Will the kids get them? There's about a fifty-fifty chance they will if you or your spouse suffers; if you both have allergies, there's an even greater chance the kiddos will, too, says Dr. Saal. But don't expect them to be sensitive to the same things you are. Remember, we pass on only the susceptibility to allergies, which can manifest in myriad ways.
Signs they got nabbed: Frequent colds, sinus or ear infections, or a constantly runny, stuffy, or itchy nose can point to allergies. Same goes for itchy eyes, rashes, or hives. And wheezing or a chronic cough—telltale signs of asthma—may be the biggest tip-off that your child is destined to develop allergies because the two conditions so often go hand in hand.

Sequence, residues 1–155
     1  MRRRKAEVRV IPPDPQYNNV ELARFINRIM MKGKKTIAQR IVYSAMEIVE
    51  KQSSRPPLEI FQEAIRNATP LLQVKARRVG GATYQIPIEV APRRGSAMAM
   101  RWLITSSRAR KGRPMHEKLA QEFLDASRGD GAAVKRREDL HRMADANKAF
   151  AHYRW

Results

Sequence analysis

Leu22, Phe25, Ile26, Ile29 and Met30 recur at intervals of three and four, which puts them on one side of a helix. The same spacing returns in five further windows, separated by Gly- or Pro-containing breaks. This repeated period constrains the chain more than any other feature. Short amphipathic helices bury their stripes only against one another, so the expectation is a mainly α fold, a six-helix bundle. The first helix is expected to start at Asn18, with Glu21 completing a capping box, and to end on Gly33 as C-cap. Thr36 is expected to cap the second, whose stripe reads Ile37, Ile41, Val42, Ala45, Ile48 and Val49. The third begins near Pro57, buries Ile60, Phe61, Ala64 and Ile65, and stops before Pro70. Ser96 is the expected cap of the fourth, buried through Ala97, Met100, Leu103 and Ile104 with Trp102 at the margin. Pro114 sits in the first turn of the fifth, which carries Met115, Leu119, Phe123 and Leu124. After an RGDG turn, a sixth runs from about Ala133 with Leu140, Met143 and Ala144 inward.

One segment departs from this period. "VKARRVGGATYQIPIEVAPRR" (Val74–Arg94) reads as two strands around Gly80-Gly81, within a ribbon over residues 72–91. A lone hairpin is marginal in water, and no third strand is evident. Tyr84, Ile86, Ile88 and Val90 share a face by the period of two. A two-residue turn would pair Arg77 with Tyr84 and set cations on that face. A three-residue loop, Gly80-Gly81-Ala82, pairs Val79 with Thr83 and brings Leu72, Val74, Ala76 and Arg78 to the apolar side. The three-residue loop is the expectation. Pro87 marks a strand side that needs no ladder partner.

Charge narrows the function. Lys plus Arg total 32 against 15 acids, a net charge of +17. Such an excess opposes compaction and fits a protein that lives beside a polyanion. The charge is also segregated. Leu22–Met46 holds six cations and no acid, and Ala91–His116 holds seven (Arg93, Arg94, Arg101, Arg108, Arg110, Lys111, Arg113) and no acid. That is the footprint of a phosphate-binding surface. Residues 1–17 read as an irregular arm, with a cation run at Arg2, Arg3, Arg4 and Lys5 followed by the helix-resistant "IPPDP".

What you can do: If any of these symptoms appear—as they often do between the ages of 3 and 5—tell your pediatrician. For mild cases, he may suggest medications such as antihistamines (wait for the okay before giving one) and/or prescription nose drops, which may provide ample relief; if they don't, or if your child has severe symptoms such as trouble breathing, your doctor will want to pinpoint the problem with allergy tests -- either the skin-prick or blood-test type. If needed, other medications and immunotherapy (allergy shots) are available and can bring tremendous relief. But sometimes it's a matter of finding the right approach for your family. "I have pretty bad allergies, and a few years ago, I started noticing that my then six-year-old son had circles under his eyes and seemed tired and snuffly all the time," recalls Diane Umansky, a mom of three in New York City. "The pediatrician recommended antihistamines, but the two we tried made him really hyper and interfered with his sleep in a major way. He finally got relief after we got allergy-proof bedding covers and began vacuuming religiously." In other words, do what works!